Manitoba

Firefighter-paramedic treated with opioid antidote after exposure to suspected fentanyl

A Winnipeg firefighter paramedic was administered the overdose-reversing drug naloxone after he was exposed to what might have been fentanyl on the job and started having difficulty breathing.

Felt high, had respiratory troubles after entering home with suspected fentanyl

Alex Forrest, president of the United Firefighters of Winnipeg, says the majority of recent opioid overdose victims are between the ages of 15 and 25. He called the crisis "a young person's tragedy." 2:24

A Winnipeg firefighter-paramedic had to receive emergency treatment after he was exposed to what might have been fentanyl on the job.

Alex Forrest, president of the United Firefighters of Winnipeg, said the firefighter paramedic was with a crew responding to a possible fentanyl overdose in a home when he started having trouble with his throat.

"He still went through, they assisted the individuals in the house, they got back into the firetruck and almost immediately he felt the effects," Forrest said.

Alex Forrest, president of the United Firefighters of Winnipeg, said a firefighter in Winnipeg was treated with opioid antidote naloxone after exposure to possible fentanyl on the job. (Richard Gleeson/CBC)

"He was feeling high, he was feeling some respiratory distress. By the time he got back to the fire hall, the paramedics at the fire hall administered Narcan to the firefighter."

Narcan is a brand name of naloxone, which is used to reverse the effects of an opioid overdose.

There were no further tests done at the time, so officers don't know what exactly the substance was, Forrest said.

He said the firefighter-paramedic was shaken up but made a full recovery and is already back at work.

'That just goes to show just how strong this is'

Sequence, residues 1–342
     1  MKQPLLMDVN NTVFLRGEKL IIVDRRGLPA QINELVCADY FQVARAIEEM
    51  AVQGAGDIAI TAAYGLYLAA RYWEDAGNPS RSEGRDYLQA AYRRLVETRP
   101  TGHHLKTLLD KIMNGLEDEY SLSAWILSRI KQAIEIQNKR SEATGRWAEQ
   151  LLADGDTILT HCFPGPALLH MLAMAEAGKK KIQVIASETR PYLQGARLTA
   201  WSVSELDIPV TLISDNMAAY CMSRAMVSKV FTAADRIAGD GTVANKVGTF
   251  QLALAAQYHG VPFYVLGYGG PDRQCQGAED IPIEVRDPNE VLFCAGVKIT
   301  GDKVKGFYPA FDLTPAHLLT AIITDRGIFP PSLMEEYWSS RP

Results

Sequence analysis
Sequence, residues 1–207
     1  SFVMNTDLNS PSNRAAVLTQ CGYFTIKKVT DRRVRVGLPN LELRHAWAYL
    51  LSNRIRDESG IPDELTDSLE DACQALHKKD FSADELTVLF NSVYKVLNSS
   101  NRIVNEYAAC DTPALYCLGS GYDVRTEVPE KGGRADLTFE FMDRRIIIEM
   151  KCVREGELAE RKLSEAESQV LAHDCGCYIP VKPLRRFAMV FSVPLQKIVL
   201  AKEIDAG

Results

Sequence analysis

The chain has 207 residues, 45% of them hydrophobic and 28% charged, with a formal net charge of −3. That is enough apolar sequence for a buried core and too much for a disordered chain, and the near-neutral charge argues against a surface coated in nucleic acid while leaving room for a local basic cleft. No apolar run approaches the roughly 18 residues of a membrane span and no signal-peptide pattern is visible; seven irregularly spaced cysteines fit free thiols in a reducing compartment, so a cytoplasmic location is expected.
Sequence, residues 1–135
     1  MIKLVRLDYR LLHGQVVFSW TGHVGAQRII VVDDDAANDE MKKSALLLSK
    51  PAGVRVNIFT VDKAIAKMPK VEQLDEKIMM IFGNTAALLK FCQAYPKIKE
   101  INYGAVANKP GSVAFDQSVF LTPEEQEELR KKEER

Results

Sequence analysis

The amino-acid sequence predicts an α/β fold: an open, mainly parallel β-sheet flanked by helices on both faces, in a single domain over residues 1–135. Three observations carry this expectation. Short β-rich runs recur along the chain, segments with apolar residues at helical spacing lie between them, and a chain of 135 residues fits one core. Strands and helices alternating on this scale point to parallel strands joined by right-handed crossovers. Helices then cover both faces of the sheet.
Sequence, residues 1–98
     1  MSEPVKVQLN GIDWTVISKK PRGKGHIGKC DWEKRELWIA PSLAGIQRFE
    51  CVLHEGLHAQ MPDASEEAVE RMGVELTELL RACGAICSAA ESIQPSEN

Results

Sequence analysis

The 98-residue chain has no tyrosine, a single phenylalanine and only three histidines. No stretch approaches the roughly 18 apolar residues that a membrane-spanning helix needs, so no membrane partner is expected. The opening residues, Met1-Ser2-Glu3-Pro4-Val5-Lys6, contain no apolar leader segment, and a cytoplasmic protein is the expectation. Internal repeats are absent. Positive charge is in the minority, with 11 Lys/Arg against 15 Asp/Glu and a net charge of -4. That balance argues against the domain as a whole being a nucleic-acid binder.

Forrest said he's not aware of another case where a Winnipeg first responder or police officer has accidentally ingested a dangerous amount of a drug.

In B.C., three officers with the Vancouver Police Department have been treated for overdose symptoms after seizing fentanyl powder.

Rising concerns over deadly opioids fentanyl and carfentanil have Winnipeg crews on alert to the dangers of accidental exposure, he said.

"What was a real watershed was when we went into that call where we had the child, the nine-month-old child, and the child was merely in the same house where there was fentanyl and carfentanil, and that child went into respiratory distress and was actually critical when transported," Forrest said. 

"That just goes to show just how strong this is."

Forrest pointed to a recent incident when police responded to three overdose deaths in Winnipeg in protective gear.

"We are understanding this, but it really is a new issue. A year ago, we didn't even know that there was a thing called carfentanil," he said. "We are learning this and it seems to be getting worse and worse."

Forrest said he's heard from his members the majority of recent opioid overdose victims are between the ages of 15 and 25.

"This is a young person's tragedy that is occurring," he said.

On Saturday, Manitoba Health Minister Kelvin Goertzen will meet with other provincial health ministers from across the country along with federal Health Minister Jane Philpott to discuss a national approach to fentanyl and carfentanil.​